Mon Feb 16 00:30:00 CST 2015

Consensus Actual Previous
Y/Y % change 0.41% -0.39% 0.11%

Inflation at the wholesale level unexpectedly decelerated in January. At minus 0.39 percent, the annual WPI rate was down fully 0.5 percentage points versus its December mark and at its weakest level since June 2009.

Petrol prices were 3.9 percent lower on the month and down some 17.1 percent on the year and were largely responsible for the decline in the headline rate. However, inflation in manufacturing also dropped to just 1.05 percent. That said, it was not all one-way traffic as food inflation climbed sharply, touching a 6-month high of 8.0 percent after a 5.2 percent reading in December.

Still, following a weaker than expected January CPI financial markets should see today's report as leaving the door open for another RBI interest rate cut soon. Assuming no nasty surprises in the Budget (28th February), another 25 basis point ease should be on the cards for April.

The wholesale price index tracks the average changes in price of a fixed representative basket of wholesale goods. The basket includes goods from the most important sectors in India's economy, such as: food products, fuel and power, textiles, rubber, metal products, machinery and chemicals. It is calculated using a weighted arithmetic average of wholesale prices. The WPI is one of the Reserve Bank of India's inflation measures.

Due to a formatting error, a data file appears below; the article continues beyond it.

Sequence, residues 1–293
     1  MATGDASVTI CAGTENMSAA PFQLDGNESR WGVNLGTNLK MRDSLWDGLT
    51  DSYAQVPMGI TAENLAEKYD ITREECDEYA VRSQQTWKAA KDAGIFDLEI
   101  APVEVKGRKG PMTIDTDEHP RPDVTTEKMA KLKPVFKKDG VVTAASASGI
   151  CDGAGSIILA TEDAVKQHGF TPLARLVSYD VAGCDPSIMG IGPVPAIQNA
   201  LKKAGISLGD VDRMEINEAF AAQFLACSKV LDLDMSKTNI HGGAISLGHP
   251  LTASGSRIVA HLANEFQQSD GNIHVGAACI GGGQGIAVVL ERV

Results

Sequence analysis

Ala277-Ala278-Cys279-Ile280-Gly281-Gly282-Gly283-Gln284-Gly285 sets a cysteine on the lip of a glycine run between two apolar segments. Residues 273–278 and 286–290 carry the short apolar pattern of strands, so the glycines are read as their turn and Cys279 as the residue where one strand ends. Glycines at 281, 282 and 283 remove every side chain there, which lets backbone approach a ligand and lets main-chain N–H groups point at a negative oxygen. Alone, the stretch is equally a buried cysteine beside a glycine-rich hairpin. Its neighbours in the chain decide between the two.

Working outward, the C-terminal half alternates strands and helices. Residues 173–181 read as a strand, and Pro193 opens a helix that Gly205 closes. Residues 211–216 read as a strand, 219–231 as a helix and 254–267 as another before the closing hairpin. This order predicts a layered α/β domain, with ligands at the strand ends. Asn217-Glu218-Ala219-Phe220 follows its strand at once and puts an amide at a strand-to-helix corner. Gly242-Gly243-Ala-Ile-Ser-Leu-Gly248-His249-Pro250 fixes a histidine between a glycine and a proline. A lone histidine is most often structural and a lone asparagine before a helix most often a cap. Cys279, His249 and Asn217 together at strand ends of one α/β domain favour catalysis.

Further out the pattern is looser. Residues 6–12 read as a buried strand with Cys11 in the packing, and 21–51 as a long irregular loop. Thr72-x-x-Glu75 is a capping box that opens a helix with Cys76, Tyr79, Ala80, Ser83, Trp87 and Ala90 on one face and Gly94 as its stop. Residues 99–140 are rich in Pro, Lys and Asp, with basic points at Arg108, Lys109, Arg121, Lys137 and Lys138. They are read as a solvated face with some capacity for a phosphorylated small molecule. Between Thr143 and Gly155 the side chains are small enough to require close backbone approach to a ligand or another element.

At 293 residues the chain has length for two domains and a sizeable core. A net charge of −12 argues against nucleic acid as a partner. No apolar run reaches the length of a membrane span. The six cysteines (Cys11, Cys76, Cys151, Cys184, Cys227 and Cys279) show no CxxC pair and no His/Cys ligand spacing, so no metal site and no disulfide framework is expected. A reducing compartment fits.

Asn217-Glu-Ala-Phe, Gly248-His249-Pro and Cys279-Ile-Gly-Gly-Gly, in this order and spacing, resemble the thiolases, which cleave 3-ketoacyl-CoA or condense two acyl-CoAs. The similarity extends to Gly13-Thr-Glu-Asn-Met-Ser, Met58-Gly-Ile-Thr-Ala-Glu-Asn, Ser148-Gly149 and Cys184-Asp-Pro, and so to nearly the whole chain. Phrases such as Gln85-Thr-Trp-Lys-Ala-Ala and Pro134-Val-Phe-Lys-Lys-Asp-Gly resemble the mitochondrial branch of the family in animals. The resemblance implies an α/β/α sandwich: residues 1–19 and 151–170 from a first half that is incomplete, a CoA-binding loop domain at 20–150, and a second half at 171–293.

The Wholesale Price Index is closely followed as an indicator of inflation by the Reserve Bank of India, as well as many Indian corporations and banks.

Inflation is an increase in the overall prices of goods and services. The relationship between inflation and interest rates is the key to understanding how indicators such as the WPI influence the markets - and your investments.

Inflation (along with various risks) basically explains how interest rates are set on everything from your mortgage and auto loans to Treasury bills, notes and bonds. As the rate of inflation changes and as expectations on inflation change, the markets adjust interest rates. The effect ripples across stocks, bonds, commodities, and your portfolio, often in a dramatic fashion.

By tracking inflation, whether high or low, rising or falling, investors can anticipate how different types of investments will perform. Over the long run, the bond market will rally (fall) when increases in the WPI are small (large). The equity market rallies with the bond market because low inflation promises low interest rates and is good for profits.